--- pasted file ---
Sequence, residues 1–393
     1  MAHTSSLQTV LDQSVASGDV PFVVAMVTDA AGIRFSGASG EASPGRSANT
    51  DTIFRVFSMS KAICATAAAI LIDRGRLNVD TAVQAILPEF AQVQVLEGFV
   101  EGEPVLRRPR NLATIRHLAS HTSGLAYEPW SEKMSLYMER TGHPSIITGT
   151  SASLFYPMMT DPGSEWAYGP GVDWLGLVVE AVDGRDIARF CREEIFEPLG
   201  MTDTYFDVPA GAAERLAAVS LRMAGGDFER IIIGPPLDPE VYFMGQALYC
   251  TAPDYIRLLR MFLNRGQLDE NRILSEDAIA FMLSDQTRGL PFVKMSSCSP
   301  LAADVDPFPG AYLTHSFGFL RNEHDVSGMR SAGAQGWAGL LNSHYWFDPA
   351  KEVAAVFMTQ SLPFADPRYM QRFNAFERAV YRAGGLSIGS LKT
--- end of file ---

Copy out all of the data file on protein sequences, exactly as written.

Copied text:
Sequence, residues 1–393
     1  MAHTSSLQTV LDQSVASGDV PFVVAMVTDA AGIRFSGASG EASPGRSANT
    51  DTIFRVFSMS KAICATAAAI LIDRGRLNVD TAVQAILPEF AQVQVLEGFV
   101  EGEPVLRRPR NLATIRHLAS HTSGLAYEPW SEKMSLYMER TGHPSIITGT
   151  SASLFYPMMT DPGSEWAYGP GVDWLGLVVE AVDGRDIARF CREEIFEPLG
   201  MTDTYFDVPA GAAERLAAVS LRMAGGDFER IIIGPPLDPE VYFMGQALYC
   251  TAPDYIRLLR MFLNRGQLDE NRILSEDAIA FMLSDQTRGL PFVKMSSCSP
   301  LAADVDPFPG AYLTHSFGFL RNEHDVSGMR SAGAQGWAGL LNSHYWFDPA
   351  KEVAAVFMTQ SLPFADPRYM QRFNAFERAV YRAGGLSIGS LKT